Vegan Recipes, Omni Restaurant Reviews
Welcome to Eating Appalachia! I’m Jes, a lover of food, the outdoors, poetry, bicycles, my ex-feral cat Miss Dorian Gray, and a host of other things. Back in 2007 I found myself extremely bored at work (university work study jobs just aren’t that exciting) and discovered food blogs. The first one that really caught my eye was Susan V’s FatFree Vegan Kitchen and through her blogroll, I found hundreds of other amazing and inspiring vegan blogs.
While I wasn’t a vegan at the time, I had recently switched to a vegetarian diet and through a combination of cooking for two vegan friends and through thinking about sustainability issues (I was an Environmental Studies & English double-major), I decided, on July 7, 2007, to make the vegan commitment. From then until November 15, 2009, I led a vegan lifestyle. But, while I had eaten some meat, I didn’t “come out” about it on my blog until August 1, 2010 and, trust me, that post was one of the harder ones I had to write. For almost a year, I’d been living a 95% vegan lifestyle—rarely eating meat or dairy or any animal products—but it wasn’t the truth because I did eat animal products occasionally and I increasingly found that with the sustainable animal options in agrarian southwest Virginia, I wanted to talk about that non-vegan part of my life that was becoming ever more important.
So I fessed up. And it hurt—I received plenty of emails condemning me and my choices, my readership fell by 600%, and, overall, I felt pretty attacked. But I got over it. The question of veganism, for me, was never centered on animal rights. It was 100% sustainability focused. And, to eat animal products in Atlanta, Georgia, especially back in 2007, wasn’t sustainable (or economical) at all. Free-range, organic meats were trucked in from over 100 miles away, free-range, local eggs were non-existent. But here, in Roanoke, Virginia, my friends raise animals and make cheese from their goats or sheep on their homesteads, free-range, less-than-ten-miles-away eggs are the norm, and, for me, I ethically find an omnivorous diet to be sustainable.
Thus I created Eating Appalachia. While Cupcake Punk still applied to my recipe posts, I wanted to explore more of the region I now call home. I’m a Georgia girl at heart, but Virginia has captured my imagination. Not to mention a certain lovely fellow named G. So what will you find on this blog? You’ll find oogles of delicious, creative, sometimes healthy & sometimes not so healthy vegan recipes—I love veganizing other’s recipes, I love hunting around for the most creative and soul-satisfying vegan recipes on the internet and in cookbooks, and I love love love inspiration from fellow bloggers (I love what blogging is all about—community & sharing & relationships). You’ll also find restaurant reviews of restaurants in Roanoke, the region, and across the globe. Eating out is a big thing in my life—I love food. Period, end of statement. My restaurant reviews are not 100% vegan though—you’ll find out that I do eat foie gras and hamburgers and other ethically-fraught dishes. But I don’t make these meals a regular part of my repertoire. In fact, I eat a 95% vegan diet still—plant-based is the way that I’m the happiest and healthiest. I’m with Michael Pollan—“Eat food. Not too much. Mostly plants.”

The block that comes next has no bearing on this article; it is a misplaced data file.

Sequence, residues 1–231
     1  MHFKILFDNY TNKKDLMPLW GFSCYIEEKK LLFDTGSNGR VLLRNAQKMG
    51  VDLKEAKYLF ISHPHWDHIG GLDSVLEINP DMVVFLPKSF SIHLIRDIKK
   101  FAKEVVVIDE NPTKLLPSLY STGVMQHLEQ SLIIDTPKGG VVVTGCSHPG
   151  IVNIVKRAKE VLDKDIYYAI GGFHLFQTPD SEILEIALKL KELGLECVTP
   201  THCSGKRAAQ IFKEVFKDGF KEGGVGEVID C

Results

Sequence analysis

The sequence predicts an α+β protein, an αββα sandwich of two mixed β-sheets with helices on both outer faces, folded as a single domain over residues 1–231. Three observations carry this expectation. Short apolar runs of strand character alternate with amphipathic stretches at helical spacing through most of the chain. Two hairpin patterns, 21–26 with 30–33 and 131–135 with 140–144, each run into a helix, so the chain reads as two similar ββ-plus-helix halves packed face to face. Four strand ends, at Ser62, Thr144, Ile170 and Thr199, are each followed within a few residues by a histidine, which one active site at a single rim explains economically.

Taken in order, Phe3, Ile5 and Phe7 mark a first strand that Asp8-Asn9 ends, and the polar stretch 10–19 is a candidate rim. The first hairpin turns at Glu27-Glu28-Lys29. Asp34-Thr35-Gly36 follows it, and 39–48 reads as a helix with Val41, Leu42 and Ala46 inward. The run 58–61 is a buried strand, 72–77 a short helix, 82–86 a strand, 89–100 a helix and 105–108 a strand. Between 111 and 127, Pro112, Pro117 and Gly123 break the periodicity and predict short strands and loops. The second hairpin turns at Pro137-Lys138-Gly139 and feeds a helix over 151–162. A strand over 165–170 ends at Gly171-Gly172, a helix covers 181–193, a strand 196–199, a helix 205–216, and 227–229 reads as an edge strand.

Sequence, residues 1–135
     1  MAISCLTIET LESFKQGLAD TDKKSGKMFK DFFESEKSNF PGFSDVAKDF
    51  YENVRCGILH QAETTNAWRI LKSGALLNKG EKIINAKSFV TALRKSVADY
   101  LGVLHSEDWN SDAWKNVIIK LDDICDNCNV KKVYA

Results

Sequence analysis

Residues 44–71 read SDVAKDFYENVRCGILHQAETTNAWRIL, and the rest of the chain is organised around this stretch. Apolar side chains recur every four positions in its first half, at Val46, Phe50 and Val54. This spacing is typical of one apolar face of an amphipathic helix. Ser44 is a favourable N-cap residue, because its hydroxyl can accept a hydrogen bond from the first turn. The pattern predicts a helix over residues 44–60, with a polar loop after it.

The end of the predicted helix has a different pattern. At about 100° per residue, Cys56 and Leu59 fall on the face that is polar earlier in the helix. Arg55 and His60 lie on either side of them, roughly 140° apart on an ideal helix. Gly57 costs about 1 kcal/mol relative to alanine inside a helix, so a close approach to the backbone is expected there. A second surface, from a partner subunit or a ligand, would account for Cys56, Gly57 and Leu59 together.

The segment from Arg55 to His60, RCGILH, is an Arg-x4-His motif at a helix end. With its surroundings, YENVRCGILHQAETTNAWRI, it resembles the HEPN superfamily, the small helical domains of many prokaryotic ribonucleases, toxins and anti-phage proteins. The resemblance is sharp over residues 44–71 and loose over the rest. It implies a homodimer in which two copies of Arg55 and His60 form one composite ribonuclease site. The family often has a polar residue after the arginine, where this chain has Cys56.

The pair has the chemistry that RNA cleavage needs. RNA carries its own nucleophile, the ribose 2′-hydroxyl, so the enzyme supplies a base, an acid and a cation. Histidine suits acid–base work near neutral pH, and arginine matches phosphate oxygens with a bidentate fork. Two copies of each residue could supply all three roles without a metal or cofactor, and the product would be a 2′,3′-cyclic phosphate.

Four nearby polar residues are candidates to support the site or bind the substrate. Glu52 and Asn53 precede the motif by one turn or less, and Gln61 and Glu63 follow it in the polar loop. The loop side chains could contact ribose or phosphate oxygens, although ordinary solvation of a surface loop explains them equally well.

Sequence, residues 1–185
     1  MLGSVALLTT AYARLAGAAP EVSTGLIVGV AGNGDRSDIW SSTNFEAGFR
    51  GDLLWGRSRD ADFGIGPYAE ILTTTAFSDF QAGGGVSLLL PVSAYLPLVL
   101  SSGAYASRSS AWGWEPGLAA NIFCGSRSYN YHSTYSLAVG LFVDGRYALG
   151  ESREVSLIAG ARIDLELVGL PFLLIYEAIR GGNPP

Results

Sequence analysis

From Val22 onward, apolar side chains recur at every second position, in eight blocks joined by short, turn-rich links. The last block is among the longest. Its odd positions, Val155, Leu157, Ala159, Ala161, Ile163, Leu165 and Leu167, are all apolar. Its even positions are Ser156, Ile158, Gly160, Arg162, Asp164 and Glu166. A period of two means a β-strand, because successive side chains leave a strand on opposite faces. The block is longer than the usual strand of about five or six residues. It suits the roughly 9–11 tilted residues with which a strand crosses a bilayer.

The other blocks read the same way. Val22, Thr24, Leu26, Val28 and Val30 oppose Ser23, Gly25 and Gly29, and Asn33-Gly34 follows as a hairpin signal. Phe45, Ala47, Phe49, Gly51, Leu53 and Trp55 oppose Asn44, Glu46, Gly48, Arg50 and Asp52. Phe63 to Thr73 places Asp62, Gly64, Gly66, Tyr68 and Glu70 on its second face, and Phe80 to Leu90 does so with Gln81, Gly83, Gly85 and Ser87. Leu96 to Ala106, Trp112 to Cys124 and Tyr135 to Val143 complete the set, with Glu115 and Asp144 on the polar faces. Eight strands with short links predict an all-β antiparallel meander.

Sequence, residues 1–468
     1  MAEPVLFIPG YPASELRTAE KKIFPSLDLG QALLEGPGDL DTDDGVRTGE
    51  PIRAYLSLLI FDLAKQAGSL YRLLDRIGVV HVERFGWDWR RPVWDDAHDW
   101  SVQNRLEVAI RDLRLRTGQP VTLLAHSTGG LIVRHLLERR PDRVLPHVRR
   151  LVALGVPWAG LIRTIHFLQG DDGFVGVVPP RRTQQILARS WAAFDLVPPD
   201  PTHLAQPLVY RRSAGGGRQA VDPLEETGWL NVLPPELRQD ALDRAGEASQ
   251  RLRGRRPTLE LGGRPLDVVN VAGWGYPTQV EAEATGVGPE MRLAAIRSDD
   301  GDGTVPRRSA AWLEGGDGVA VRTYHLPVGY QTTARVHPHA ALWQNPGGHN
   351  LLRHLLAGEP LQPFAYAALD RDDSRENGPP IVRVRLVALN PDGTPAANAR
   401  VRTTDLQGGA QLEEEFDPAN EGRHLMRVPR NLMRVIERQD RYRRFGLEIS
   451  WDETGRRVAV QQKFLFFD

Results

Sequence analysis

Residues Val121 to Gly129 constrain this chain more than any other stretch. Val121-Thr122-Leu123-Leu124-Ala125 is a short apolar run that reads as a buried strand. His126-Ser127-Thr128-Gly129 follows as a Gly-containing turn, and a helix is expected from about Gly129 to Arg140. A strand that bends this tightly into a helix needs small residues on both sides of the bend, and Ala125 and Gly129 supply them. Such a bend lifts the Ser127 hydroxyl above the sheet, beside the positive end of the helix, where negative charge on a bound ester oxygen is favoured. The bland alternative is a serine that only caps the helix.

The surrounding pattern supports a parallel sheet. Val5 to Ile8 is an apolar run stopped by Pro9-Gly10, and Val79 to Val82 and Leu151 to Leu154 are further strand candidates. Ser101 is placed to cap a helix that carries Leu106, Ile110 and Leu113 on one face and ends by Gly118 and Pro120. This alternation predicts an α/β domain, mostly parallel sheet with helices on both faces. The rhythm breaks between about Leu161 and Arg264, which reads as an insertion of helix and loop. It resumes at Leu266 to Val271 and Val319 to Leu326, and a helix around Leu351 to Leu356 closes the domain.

And, in case you’re wondering, all photos on this blog are taken with a 6.5 megapixel Cannon Rebel EOS Digital SLR with a 18-55 mm EFS lens. One day I’ll update the camera, but for now, she’s doing a good job. I also trek around with a Porteen Gear bag that I adore—check out the Etsy shop if you’re on the market for a camera bag.
In short, welcome to Eating Appalachia and I hope you find some inspiration in what I cook and write about, and I hope that you help me make food blogging—vegan, veg, or omni—a great community. Feel free to drop me a note at eatingappalachia [at] gmail [dot] com or to comment anywhere on the blog. I make it my goal to always get back to people when they have comments, complaints or suggestions. I simply ask that you respect me and my views in the same way that I respect you—we live in a diverse world with a milieu of beliefs and ethical structures, let’s keep our world unique!